Interleaving causes your brain to intensely focus and solve problems every step of the way, resulting in information getting stored in your long-term memory instead.

For example, instead of learning one banjo chord at a time until you perfect it, you train in several at once and in shorter bursts.

Using interleaving to pick up a new skill
  • Practice multiple parallel skills at once
  • Try planning when and what you want to cover in a lesson in advance.

  • Go back over the basics to practice older material.

  • Keep track of your progress to stay motivated.

  • Trying skills from new angles and failing a lot helps you break out of your comfort zone.

Note-taking: a powerful tool for learning
  • Notes extend your memories: writing can be seen as an external enhancement of your brain, allowing you to think more complicated thoughts and solve harder problems.
  • Not...
How to Take Notes While Reading
  1. Figure out your purpose.
  2. Choose a technique that maximizes your focus on what is most relevant for your purpose. 
  3. Decide whether to optimize for review or retrieval practice.  
  4. If you do need to go back into the text again and again, create clues in your notes that can help you find what you’re looking for faster.
Figure out your purpose

Ask yourself why are you reading:

  • What am I trying to remember? 
  • How am I going to use this information? (e.g. on a test, cited in an essay, etc.)
  • What do I plan to do with the notes later? Will you be studying off of them extensively? Or maybe you’re just taking notes to stay focused, and it’s highly unlikely you’ll look through them after?

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"Learning is deeper and more durable when it's effortful... Learning that's easy is like writing in sand, here today and gone tomorrow."

 -  Make It Stick: The Science Of Suc...

Bring it back from memory

Retrieval is so effective is that it strengthens the neural pathways associated with a given concept.

When you're attempting to recall an idea, method, or technique from memory, you're retrieving. Flash cards are a great example: They force you to recall an idea from memory, unlike a technique like highlighting where you're not burning anything into your brain. 

Connect new ideas

... to what you already know.

When you try to put a new idea into your own words, you're elaborating.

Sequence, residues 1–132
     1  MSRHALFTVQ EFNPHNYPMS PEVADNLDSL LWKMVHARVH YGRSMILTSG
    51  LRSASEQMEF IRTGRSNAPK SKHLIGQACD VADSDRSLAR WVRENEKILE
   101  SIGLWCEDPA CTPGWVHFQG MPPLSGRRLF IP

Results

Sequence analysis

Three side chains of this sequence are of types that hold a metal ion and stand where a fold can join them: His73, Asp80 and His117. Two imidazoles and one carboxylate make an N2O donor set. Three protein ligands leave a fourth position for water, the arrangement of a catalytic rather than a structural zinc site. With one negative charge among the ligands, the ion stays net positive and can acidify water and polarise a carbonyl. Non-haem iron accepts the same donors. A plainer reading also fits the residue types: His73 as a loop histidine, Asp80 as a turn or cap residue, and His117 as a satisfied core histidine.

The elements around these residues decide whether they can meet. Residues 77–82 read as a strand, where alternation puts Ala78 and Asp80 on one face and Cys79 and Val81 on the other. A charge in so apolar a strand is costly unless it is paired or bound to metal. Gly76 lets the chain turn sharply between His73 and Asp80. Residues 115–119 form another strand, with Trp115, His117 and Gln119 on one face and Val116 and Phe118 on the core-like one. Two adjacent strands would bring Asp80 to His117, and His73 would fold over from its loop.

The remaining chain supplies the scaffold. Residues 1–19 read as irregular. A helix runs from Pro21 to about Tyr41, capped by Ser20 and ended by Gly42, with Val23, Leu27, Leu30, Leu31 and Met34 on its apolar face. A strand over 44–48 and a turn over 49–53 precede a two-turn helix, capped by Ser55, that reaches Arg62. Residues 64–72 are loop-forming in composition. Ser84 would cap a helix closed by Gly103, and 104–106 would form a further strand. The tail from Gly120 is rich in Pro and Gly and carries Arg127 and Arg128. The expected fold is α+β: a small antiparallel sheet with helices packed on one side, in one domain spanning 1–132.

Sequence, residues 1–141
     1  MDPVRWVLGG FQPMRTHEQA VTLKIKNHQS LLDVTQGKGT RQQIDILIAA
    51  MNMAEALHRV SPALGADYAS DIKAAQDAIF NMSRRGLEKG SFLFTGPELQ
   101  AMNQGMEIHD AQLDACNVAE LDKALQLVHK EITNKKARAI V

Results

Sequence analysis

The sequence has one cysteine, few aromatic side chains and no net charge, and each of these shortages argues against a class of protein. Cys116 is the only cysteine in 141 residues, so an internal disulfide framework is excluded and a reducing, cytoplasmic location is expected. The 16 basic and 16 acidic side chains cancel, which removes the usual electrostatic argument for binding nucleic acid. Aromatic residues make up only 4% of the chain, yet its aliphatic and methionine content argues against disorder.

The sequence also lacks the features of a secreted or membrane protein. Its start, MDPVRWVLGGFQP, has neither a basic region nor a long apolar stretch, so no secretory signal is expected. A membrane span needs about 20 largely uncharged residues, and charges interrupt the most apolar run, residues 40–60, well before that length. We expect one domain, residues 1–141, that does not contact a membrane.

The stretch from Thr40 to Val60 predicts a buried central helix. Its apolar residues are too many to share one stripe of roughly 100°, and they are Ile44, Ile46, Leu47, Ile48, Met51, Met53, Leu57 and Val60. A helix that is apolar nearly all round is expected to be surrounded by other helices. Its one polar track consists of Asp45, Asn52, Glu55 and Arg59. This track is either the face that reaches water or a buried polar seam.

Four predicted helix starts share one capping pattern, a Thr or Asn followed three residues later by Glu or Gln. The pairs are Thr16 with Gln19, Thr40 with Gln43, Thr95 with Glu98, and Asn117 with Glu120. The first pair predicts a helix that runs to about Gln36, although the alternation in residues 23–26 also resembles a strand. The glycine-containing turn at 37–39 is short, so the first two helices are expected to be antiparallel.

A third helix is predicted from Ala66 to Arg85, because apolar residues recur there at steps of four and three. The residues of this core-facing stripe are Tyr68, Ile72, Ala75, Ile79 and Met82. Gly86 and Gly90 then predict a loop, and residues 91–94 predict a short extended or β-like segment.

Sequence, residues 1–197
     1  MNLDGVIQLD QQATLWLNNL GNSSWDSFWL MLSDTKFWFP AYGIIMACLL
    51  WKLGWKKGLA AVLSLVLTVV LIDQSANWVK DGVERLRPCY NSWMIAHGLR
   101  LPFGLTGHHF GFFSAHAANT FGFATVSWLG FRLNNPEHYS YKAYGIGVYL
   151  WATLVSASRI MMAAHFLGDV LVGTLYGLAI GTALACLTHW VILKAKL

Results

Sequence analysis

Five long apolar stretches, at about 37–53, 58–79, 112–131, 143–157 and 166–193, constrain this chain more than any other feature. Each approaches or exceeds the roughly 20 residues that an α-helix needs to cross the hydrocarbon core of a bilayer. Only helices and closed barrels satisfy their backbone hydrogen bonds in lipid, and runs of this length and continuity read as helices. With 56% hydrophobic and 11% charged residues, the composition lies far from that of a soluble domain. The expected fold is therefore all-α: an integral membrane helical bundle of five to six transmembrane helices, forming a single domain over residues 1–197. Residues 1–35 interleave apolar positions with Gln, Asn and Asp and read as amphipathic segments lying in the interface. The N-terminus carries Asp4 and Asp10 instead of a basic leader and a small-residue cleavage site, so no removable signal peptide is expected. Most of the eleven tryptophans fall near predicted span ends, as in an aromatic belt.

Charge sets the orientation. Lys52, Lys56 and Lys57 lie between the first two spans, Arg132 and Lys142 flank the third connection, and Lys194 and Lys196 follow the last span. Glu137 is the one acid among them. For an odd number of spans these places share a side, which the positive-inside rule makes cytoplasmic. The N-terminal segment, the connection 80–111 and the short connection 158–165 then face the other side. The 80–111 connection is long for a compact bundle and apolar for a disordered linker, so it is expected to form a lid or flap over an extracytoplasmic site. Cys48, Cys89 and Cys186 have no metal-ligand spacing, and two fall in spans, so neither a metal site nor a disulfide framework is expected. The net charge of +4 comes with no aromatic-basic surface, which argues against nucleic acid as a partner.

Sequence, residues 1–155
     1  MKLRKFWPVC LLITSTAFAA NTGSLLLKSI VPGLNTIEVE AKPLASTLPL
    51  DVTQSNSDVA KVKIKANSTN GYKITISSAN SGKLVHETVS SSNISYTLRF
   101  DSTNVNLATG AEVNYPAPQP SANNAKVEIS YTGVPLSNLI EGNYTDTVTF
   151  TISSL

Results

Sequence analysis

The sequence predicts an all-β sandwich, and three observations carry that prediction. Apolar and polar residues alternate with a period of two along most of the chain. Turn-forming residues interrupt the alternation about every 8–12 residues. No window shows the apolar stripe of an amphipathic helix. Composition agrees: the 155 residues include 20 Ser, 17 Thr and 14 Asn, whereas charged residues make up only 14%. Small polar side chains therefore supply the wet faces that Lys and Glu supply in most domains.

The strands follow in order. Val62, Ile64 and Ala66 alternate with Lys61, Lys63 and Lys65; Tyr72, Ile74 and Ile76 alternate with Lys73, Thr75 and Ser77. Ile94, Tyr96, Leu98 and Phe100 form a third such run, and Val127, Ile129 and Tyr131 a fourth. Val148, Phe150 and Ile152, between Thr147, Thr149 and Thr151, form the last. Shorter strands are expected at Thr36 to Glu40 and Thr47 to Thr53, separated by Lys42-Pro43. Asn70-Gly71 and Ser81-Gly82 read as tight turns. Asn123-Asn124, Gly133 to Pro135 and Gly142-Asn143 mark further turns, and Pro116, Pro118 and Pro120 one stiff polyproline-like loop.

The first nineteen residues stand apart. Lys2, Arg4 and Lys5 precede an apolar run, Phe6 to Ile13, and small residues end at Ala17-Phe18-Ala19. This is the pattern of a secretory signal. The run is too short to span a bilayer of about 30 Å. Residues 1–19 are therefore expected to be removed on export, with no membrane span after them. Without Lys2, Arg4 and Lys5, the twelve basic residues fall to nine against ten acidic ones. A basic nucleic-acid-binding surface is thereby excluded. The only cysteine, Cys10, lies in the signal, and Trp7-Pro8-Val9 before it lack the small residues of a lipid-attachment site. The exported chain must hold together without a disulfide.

For example, if you're in physics class and trying to understand heat transfer, try to tie the concept into your real-life experiences, say, by imagining how a warm cup of coffee disperses heat into your hands.

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Just start, break the initial barrier

Every task has a certain Activation Energy (AE), where you initiate certain steps in order to start a task.

Reducing the Activation Energy of new habits you want to form will make it i...

Practice chunking

A memory chunk is a solid connection in your mind that relates various bits and pieces of information. 

Focus on the concept you want to form a chunk of. Write down the basic ideas of what the concept is all about. Build up from these fundamentals to finally create a chunk.

Learn, Practice, Recall — Repeat
Just forming chunks is not sufficient. You have to maintain them. The more you look after the chunks, the longer they last.

While reviewing material, recall it instead of just reading it passively. Try and recall in a different setting than where you studied it.

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When to Study
When to Study

Studying time is more efficient if it is spread out over many sessions throughout the semester, with a little extra right before the exam.

Cover each piece of info five times from when you fi...

What and How to Study

Testing yourself, so you have to retrieve the information from memory, works much better than repeatedly reviewing the information, or creating a concept map (mind map).